My final notes on my last re-read of Mansfield Park.

Mansfield Park can be read online at Gutenberg.org.

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November 18, 2004

After finishing my reread I confess I’m a bit puzzled about Henry Crawford. Either he was a great actor (it is a plot point that he is a good actor) and managed to fool not only Fanny and Edmund but his own sister, or he’s simply inconsistent. I could believe him flirting with the Bertram sisters and playing them off of each other for his own rakehell amusement. I could also buy him trying to change by falling for Fanny, even if that change was not to be permanent. What I didn’t buy was that, so suddenly after he’d made headway with Fanny, that he should throw her over and run off with Maria Bertram. After all the effort he’d expended? Even if he’d wanted to make Fanny suffer, he did so in a way that meant he wasn’t there to observe it. So far as the book tells you, nobody sees him again, once he and Maria go their separate ways. I feel he’s more the slave of the plot than anything else. I felt Austen might have had her tongue in her cheek about Henry, making him a caricature of the Wicked Seducer.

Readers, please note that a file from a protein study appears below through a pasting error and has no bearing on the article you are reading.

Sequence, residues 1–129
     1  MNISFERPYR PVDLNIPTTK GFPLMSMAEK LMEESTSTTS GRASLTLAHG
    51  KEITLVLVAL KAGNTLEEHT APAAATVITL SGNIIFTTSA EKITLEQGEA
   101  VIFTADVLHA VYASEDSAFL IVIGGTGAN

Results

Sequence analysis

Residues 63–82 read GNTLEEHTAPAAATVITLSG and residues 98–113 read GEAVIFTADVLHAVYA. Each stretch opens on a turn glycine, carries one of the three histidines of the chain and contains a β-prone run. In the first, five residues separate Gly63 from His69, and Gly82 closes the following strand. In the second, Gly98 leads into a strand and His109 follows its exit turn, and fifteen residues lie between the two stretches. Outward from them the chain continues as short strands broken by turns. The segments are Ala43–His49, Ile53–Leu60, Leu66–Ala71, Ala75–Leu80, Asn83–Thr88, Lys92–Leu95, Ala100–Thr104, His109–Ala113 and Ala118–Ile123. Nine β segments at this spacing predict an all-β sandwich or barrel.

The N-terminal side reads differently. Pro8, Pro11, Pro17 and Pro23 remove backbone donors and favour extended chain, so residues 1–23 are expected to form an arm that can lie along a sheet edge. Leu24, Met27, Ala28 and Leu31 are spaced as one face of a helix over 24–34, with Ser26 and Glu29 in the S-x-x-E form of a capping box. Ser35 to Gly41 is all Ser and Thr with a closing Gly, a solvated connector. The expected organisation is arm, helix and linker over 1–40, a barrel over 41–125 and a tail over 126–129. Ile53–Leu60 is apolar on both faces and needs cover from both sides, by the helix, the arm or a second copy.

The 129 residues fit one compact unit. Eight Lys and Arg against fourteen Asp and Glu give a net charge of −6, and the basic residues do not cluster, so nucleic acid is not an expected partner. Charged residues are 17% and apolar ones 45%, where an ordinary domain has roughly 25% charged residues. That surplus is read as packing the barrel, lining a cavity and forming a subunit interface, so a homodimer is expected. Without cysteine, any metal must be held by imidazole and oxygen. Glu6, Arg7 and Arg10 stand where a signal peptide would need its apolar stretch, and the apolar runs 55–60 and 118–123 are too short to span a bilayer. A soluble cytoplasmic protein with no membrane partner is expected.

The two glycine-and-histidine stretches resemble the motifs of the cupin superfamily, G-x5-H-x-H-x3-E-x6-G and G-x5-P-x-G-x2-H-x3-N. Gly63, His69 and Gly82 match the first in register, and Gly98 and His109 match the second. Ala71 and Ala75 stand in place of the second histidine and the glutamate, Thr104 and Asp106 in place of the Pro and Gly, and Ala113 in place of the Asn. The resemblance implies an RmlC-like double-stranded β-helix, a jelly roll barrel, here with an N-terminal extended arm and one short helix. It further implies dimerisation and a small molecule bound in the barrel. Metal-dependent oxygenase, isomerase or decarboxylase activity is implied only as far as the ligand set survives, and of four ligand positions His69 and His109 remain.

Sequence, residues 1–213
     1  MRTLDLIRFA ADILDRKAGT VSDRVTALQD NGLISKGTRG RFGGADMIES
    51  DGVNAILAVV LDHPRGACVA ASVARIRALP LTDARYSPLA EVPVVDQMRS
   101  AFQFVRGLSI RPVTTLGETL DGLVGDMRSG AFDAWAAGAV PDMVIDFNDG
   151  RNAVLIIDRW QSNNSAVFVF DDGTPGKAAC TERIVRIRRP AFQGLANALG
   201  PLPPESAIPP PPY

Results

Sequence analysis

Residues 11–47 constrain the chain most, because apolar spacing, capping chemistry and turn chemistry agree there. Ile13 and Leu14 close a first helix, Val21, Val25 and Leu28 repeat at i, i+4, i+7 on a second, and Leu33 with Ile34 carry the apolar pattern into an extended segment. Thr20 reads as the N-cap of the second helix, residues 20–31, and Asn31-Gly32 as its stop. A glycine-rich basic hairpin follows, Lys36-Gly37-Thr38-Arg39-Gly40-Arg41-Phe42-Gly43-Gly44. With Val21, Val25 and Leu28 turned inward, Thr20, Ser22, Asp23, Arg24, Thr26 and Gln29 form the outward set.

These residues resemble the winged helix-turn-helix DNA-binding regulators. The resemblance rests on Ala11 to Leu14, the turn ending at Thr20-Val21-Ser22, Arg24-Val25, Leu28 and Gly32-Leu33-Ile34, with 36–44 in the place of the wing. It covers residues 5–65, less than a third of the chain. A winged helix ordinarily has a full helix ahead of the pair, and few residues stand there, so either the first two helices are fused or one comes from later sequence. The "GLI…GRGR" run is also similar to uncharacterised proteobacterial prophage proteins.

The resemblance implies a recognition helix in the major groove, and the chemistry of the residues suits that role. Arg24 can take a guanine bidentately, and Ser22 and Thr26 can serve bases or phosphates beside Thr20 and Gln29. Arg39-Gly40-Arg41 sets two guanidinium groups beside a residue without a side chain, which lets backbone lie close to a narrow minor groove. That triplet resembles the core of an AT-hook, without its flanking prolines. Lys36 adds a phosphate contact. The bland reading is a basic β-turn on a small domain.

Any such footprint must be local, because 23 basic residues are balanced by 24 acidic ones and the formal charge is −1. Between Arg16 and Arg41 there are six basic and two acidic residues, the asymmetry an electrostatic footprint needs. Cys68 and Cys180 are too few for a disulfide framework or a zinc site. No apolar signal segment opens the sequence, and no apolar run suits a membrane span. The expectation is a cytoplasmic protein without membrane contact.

The last chapter, in which Austen narrates how the various characters ended up, amused me greatly. She seemed so obviously to be playing, reinforcing the moral lessons discussed throughout the novel by Edmund and Fanny, and doing so just in the manner that would please her readers, at least those who were reading the novel for those very reasons.

I am pretty sure this will never be my favorite Austen novel, but I’ve enjoyed the reread.

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Does anyone else have any comments on Mansfield Park?